A few of you messaged me about the first image in this past week’s look at current Off Broadway offerings. I didn’t talk much about THE FLICK at Barrow Street Theatre, the Annie Baker play revived by Scott Rudin after a successful—thought contentious—run at Playwrights Horizons in 2013. I suppose I didn’t talk much about it because this Pulitzer Prize-winning play talks a lot on its own. The show runs over three hours, so long in fact, it prompted PH artistic director Tim Sanford to write an open letter to peeved subscribers. Don’t you love an open letter? Normally, I’d be equally irritated by an especially long play—do any of us Gen Xers or Millennials have the attention span for such an indulgent showing? Unless we’re talking about a master work like ANGELS IN AMERICA or epic like LORD OF THE RINGS, I have no interest in sitting in one uncomfortable seat for that long. The reason I rarely see Wagner operas. Every play I’ve ever written runs under 90 minutes. But I’ll make an exception for THE FLICK. It’s filled with long uncomfortable silences and dialogue-less sub-textual moments that really are earned by the very thoughtful playwright. I’m happy to see that Rudin kept the same cast and artistic team; he didn’t overhaul the production with larger names for the sake of box office. We don’t need a B-list TV actor to butcher the subtleties of THE FLICK. (Through August 30th)
I think it’s worth your while to check out A.R. Gurney’s WHAT I DID LAST SUMMER at the Signature, which, as the title suggests, is a nostalgic coming of age story. It’s also a teacher-inspires story, without being too syrupy—much appreciated, Mr. Gurney. But even more appealing than the story itself, set during WWII, when lead character Charlie’s father is overseas, is the staging. It’s incredibly minimalist and modern—no your-grandma’s-Queens-apartment moldy sets recycled from some regional production of Biloxi Blues. It’s a real homage to Gurney—some of the stage directions are even projected at various points behind the characters. The acting is also very strong—particularly from Tony-nominated Kristine Nielsen. (Closing SOON—June 7th)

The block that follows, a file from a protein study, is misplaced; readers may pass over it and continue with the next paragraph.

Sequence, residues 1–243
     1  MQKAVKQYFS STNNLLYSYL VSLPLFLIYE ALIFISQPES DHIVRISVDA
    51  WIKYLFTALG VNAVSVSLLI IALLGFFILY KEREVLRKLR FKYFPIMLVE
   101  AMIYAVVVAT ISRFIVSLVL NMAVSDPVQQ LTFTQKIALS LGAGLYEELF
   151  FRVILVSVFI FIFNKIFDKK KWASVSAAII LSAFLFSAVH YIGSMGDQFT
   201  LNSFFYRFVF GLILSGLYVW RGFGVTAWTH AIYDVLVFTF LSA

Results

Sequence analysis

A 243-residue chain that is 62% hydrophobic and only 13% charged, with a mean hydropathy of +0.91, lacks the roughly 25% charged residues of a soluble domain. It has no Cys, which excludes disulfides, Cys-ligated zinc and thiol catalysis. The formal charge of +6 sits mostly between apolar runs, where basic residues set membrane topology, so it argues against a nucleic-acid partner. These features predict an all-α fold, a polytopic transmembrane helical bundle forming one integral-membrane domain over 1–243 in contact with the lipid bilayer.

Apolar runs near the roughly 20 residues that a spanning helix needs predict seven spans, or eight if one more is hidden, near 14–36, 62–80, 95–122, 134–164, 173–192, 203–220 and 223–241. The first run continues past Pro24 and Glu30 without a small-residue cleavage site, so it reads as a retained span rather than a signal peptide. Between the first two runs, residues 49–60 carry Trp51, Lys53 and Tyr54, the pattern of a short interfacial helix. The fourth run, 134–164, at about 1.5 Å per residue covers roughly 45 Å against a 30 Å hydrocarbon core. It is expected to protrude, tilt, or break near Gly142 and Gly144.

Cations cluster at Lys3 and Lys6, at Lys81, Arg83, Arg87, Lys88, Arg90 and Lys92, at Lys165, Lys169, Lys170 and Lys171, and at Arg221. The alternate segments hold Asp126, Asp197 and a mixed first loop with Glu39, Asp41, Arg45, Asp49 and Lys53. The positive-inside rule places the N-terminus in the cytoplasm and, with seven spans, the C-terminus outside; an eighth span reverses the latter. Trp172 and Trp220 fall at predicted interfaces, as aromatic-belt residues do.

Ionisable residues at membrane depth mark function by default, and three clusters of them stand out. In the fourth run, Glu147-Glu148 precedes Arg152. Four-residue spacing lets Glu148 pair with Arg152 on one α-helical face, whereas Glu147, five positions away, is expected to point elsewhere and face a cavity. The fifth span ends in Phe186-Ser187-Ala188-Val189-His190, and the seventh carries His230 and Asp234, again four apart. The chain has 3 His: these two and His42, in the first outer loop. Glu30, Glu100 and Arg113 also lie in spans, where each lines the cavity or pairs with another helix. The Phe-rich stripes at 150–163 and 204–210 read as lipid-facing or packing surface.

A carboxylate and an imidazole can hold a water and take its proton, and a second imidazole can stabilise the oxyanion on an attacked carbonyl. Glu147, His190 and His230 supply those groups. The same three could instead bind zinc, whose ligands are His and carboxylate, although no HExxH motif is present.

Most of you know that I have spent a lot of time both living and traveling in South Africa, so it’s no surprise that my curiosity is always peaked when an Athol Fugard play comes to New York. The latest, also at The Pershing Square Signature Center, as is typical of the playwright, deals with the struggles of Apartheid South Africa, specifically of farm laborer Nukain, who has been painting a rock garden at Revolver Creek for most of his life. Dramaturgy ensues when the landowner’s wife arrives with demands. What makes this NEW Fugard work exciting, is a flash forward to 2003, where anger over redistribution of the land is cleverly weighed against the violence facing farmers, both of which, I assure you, are real problems in South Africa and Zimbabwe today. (THE PAINTED ROCKS AT REVOLVER CREEK closes June 14th)
Broadway legend Patti LuPone and Off Broadway standard Michael Urie take the stage at Lincoln Center’s Mitzi Newhouse Theatre in SHOWS FOR DAYS, an Off Broadway piece that pays homage to community theatre, which, let’s be honest, is how most young Americans get introduced to theatre arts. I love the concept, and I obviously love Patti. In fact, one of my first introductions to community theatre (and to LuPone) was a production of EVITA at Playhouse 22 in East Brunswick, NJ. Patti recently came to visit my friend Ben Rimalower at his cabaret show, BAD WITH MONEY, which I’ve reviewed and archived on this site.
Lastly, the new Rajiv Joseph play GUARDS AT THE TAJ, starring Arian Moayed, a Tony nominee for a favorite play of mine (that lots of people hated) BENGAL TIGER AT THE BAGHDAD ZOO. This new play hasn’t opened yet, and quite frankly, I’m skeptical of the plot, which has been released by Atlantic Theatre Company as follows:
“In 1648 India, two Imperial Guards watch from their post as the sun rises for the first time on the newly-completed Taj Mahal- an event that shakes their respective worlds. When they are ordered to perform an unthinkable task, the aftermath forces them to question the concept of friendship, beauty and duty, and changes them forever.”
However, I loved BENGHAL TIGER…, and based on that alone, I’ll probably check it out when it opens June 11th.